Will The Real Trend Line Please Stand Up?

Ulli Uncategorized 4 Comments

Our buy and sell signals are based on our Trend Tracking Indexes (TTIs) crossing their respective trend lines (39-week Simple Moving Average). Reader VR posed an interesting thought about it:

Thanks for your response to my question about trend tracking on Saturday (11/16). I understand no strategy works all the time and so you have adapted to more volatile reality of the market in the last few years. I have a related question.

By buying and selling more frequently, are we not following a shorter MA trend line without putting that in words? For example, what we end up doing is more or less selling with a 7% trailing stop on a 50 Day MA instead of 200 Day MA of our published trend line.

In general, we want our new invisible ‘trading’ trend line to follow the chart steepness of a particular security as closely as possible while we still have our long term ‘zoning’ trend line of 200 Day MA as our guide.

The idea is not to buy and sell more often. Our buy signals are generated based on the Trend Tracking Indexes (TTIs) crossing their long-term trend line (39 week SMA). To me, that would be quite different from buying and selling based on a 50-day moving average trend line, which would definitely increase the frequency of your signals.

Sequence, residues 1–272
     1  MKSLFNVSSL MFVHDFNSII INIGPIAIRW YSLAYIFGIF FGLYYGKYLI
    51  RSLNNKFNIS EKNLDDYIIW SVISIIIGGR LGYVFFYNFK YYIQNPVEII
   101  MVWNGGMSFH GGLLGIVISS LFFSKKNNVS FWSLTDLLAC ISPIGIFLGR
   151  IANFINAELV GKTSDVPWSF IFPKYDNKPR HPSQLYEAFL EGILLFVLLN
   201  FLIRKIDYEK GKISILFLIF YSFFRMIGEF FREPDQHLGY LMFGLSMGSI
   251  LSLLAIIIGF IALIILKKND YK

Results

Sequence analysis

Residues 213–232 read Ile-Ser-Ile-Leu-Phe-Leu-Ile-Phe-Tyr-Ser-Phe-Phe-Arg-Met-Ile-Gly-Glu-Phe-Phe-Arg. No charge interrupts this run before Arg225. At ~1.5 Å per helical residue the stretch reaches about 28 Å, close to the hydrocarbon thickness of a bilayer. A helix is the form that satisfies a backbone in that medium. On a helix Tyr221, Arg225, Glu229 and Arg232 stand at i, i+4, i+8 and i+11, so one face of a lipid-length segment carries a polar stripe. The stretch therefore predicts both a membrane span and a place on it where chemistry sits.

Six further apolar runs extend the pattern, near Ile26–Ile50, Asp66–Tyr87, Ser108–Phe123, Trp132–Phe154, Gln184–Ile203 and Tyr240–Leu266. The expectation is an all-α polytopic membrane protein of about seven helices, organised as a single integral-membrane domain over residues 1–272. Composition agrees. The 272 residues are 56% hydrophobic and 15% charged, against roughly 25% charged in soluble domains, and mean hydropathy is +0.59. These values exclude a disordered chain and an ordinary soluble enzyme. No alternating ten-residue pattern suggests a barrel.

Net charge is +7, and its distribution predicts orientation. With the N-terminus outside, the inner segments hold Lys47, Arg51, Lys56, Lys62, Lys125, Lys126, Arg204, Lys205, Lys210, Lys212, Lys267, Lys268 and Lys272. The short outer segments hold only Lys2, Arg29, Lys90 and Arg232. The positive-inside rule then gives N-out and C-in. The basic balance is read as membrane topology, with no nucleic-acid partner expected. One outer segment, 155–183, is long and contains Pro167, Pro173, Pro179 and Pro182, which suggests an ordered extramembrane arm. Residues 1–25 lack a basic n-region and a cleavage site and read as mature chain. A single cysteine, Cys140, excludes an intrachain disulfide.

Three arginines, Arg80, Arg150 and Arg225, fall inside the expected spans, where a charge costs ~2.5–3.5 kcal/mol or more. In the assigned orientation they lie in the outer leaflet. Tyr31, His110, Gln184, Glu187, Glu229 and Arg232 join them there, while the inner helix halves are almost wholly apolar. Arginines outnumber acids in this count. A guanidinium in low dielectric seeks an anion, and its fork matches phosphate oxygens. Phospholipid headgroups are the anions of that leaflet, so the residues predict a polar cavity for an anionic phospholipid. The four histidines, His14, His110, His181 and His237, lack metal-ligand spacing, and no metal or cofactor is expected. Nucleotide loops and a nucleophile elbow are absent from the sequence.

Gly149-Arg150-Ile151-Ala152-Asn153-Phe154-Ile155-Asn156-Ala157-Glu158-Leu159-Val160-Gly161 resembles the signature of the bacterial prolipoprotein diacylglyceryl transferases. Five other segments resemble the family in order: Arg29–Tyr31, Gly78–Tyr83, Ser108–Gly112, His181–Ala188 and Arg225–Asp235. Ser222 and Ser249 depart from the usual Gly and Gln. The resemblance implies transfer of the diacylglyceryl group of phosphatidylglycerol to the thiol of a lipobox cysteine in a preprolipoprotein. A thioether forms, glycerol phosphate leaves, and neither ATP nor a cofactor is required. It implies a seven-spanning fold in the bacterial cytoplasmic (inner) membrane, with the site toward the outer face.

While the trailing sell stop is based on a fixed percentage, I don’t think that really shortens the trend line we’re following. The idea is to simply control downside risk as much as we can without waiting for the TTI to pierce its actual 39-week MA.

As I posted before, waiting for the long-term trend line to be pierced to the downside will only work to your advantage if your price line is within close proximity of the trend line. If it’s not (right now it’s +8.83% above it), and you wait for it to happen, you are guaranteed to turn a potential profit into a loss, since the TTI drops at a much slower rate than the price of the security your tracking.

If it seems to you that we are following a new “invisible trading trend line,” that’s fine, as long as you follow its signals and protect your portfolio when this rally comes to an end.

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Comments 4

  1. Ulli,

    Can we please change the subject this one about trendlines have been whipped to death and is really getting old.


  2. Ulli,

    It looks to me like being invested in the S&P500; from 11-24-99 until 11-24-09 a 10 year period that the buy and hoper is still down by about 28%, is that possible? I figured that based upon adjusted prices for splits and dividends. If that is so it should make a buy and hoper feel like a fool. I can't imagine investing $10,000 back in 1999 and only having $7,200 today. What are these people going to do when the stimulus rally ends and we make one new low after another? Just a thought. I for one will always be a trend follower and have no interest in buy and hope, which only works in secular bull markets like we had from 1982 to 2000.

    Thanks for all your free information as it is well appreciated, someone once remarked that it was priced right and I had to laugh, but that person was just kidding.

  3. Trendman,

    You are prety close with your numbers. As I have written many times, what will prop up the market when the stimulus ends? Without a plan to exit the market, you will give back your profits, which is what will happen to the buy and hold crowd–again.


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